Sightsavers congratulates Paralympian Taonere Banda

September 2016

Taonere Banda

When Taonere Banda returns to Malawi from the Rio Paralympics today, she will be returning as a history-maker and an inspiration.

Taonere is a 20-year-old middle distance runner who competed at the 2016 Paralympic Games in Brazil last week in the women’s 1500 metres event, in the T13 category for people with visual impairments.

Despite a strong start, Taonere didn’t make it through to the race final. But as Malawi’s first-ever Paralympic athlete, she is an inspiration to other people with disabilities by proving that disability is no barrier to fulfilling potential.

Funding from the International Paralympics Committee, the Malawian government and Sightsavers helped meet the costs of an intensive training camp for Taonere, her coach and two fellow athletes in the months before the Paralympic Games.

Roy Hauya, Director of Sightsavers’ Malawi Country Office, said: “Taonere has made history by becoming the first Malawian to represent her country at the Rio Paralympic Games in Rio, and Sightsavers is extremely proud to be supporting her.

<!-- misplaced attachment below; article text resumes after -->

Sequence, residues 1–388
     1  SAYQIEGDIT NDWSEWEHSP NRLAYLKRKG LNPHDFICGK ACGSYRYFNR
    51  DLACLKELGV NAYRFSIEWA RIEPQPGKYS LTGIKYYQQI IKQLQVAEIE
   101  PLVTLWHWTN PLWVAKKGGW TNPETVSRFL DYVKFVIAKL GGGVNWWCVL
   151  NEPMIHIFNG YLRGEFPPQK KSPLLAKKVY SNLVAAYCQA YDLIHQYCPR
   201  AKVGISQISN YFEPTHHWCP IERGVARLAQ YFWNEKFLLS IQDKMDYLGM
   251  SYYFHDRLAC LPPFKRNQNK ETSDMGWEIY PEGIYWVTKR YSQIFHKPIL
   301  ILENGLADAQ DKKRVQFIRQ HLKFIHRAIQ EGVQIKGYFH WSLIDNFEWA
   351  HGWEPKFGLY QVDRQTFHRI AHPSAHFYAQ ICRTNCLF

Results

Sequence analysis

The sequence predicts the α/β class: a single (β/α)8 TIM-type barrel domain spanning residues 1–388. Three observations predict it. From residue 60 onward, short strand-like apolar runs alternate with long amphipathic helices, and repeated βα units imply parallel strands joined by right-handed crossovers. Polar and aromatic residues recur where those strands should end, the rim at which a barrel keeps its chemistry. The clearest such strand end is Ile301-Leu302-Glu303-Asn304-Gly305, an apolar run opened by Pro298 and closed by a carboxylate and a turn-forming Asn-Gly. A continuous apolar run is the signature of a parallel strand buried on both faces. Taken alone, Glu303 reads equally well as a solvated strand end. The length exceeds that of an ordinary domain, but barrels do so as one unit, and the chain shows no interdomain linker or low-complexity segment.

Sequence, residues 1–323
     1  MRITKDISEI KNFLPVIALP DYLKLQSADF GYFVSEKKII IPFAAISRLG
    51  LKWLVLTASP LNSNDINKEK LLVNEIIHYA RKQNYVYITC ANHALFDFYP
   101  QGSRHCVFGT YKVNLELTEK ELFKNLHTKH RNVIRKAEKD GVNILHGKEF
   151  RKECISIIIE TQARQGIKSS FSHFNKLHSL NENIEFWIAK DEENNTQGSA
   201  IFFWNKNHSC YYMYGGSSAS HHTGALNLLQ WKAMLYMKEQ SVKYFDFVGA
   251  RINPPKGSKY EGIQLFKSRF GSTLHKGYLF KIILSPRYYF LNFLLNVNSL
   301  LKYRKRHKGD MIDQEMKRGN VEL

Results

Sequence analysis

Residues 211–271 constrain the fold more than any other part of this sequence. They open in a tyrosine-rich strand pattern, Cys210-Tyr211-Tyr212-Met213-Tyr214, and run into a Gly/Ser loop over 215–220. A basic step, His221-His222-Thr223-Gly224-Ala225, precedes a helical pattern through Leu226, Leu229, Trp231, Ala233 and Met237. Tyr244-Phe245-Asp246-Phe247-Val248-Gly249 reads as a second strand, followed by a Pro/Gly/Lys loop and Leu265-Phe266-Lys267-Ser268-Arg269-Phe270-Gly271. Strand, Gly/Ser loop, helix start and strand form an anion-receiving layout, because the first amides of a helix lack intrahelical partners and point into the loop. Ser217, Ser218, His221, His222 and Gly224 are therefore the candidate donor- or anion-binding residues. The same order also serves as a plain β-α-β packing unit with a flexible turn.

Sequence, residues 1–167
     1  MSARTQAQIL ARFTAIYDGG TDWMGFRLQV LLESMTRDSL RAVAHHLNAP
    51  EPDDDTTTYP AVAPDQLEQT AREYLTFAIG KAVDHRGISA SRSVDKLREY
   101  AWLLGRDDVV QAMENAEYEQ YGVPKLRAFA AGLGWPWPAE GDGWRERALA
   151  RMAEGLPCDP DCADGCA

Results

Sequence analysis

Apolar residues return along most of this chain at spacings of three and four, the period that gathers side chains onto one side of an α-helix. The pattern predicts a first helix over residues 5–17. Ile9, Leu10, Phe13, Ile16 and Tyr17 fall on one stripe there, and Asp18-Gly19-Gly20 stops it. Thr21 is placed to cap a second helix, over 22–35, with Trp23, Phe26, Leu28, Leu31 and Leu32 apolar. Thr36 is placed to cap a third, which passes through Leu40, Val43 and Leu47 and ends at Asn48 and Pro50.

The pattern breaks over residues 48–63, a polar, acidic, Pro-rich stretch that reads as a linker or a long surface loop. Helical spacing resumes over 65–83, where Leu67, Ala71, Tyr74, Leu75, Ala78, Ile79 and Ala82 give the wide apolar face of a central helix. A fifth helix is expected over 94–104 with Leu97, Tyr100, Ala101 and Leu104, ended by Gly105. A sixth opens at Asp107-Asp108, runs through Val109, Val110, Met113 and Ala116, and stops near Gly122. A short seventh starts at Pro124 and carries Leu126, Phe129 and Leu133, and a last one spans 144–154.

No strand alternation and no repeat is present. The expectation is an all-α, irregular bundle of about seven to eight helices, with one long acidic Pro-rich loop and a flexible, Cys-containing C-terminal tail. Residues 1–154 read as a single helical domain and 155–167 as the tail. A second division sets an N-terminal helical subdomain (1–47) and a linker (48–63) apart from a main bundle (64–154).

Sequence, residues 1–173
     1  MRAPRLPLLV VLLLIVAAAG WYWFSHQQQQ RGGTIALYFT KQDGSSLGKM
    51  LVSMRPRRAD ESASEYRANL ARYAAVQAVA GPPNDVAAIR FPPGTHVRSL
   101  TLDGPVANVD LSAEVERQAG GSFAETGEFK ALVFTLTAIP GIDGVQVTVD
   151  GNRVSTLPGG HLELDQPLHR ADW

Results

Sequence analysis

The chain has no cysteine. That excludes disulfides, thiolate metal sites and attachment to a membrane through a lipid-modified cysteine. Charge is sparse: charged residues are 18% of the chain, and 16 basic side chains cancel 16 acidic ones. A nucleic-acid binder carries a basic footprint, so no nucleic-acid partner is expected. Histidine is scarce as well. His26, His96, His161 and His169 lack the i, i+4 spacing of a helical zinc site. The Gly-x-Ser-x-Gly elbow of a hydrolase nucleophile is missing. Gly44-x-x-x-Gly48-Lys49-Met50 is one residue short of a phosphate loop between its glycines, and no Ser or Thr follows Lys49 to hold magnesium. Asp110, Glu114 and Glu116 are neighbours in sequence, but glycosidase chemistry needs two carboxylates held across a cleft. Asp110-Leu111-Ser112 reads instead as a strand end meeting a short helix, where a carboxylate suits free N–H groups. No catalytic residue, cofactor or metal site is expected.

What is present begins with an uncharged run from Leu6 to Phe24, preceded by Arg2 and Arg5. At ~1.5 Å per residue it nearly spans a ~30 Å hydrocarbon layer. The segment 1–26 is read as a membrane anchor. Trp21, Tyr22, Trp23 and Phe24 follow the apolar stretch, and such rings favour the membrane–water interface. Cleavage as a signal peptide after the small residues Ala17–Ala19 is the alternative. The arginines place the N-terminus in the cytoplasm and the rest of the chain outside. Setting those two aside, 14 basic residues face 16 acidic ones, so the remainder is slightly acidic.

“She has worked incredibly hard to train and compete at this outstanding international level in Brazil, and I’m sure the whole of Malawi joins us in congratulating her and the team’s efforts.

“Taonere competed with the world’s best Paralympic athletes in the qualifying race on Thursday, despite never having trained on a track surface like the one in Rio. Although Taonere didn’t qualify for the final, she can be extremely proud of herself for leading the race for so long and giving everything she had on the world’s biggest athletic stage.

“The team has learned a lot from being in the Rio Paralympics, and Taonere’s involvement in the Games has undoubtedly helped them to make important connections and relationships, paving the way for other Malawian athletes to compete at Paralympic level in the future. Taonere is also a huge inspiration to other young people in her community and across Malawi, showing that people with disabilities can achieve great things with the right support.”

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